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Spatial sorting

  • Jan Eeckhout


    (Institute for Fiscal Studies and University College London)

  • Roberto Pinheiro

    (Institute for Fiscal Studies)

  • Kurt Schmidheiny

    (Institute for Fiscal Studies)

We investigate the role of complementarities in production and skill mobility across cities. We propose a general equilibrium model of location choice by heterogeneously skilled workers, and consider different degrees of complementarities between the skills of workers. The nature of the complementarities determines the equilibrium skill distribution across cities. We prove that with extreme-skill complementarity, the skill distribution has fatter tails in large cities; with top-skill complementarity, there is first-order stochastic dominance. Using the model to back out skills from wage and housing price data, we find robust evidence of fat tails in large cities. Big cities have big inequality. This pattern of spatial sorting is consistent with extreme-skill complementarity: the productivity of high skilled workers and of the providers of low skilled services is mutually enhanced.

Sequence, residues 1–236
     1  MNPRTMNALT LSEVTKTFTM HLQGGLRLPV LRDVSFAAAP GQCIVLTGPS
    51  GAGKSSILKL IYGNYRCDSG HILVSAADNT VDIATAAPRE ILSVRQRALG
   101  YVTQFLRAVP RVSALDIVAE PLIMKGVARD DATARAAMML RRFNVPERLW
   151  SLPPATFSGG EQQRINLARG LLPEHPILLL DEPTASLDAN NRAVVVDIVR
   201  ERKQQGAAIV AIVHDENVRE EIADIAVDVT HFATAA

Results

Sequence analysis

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Paper provided by Institute for Fiscal Studies in its series IFS Working Papers with number W13/18.

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Date of creation: 09 Aug 2013
Date of revision:
Handle: RePEc:ifs:ifsewp:13/18
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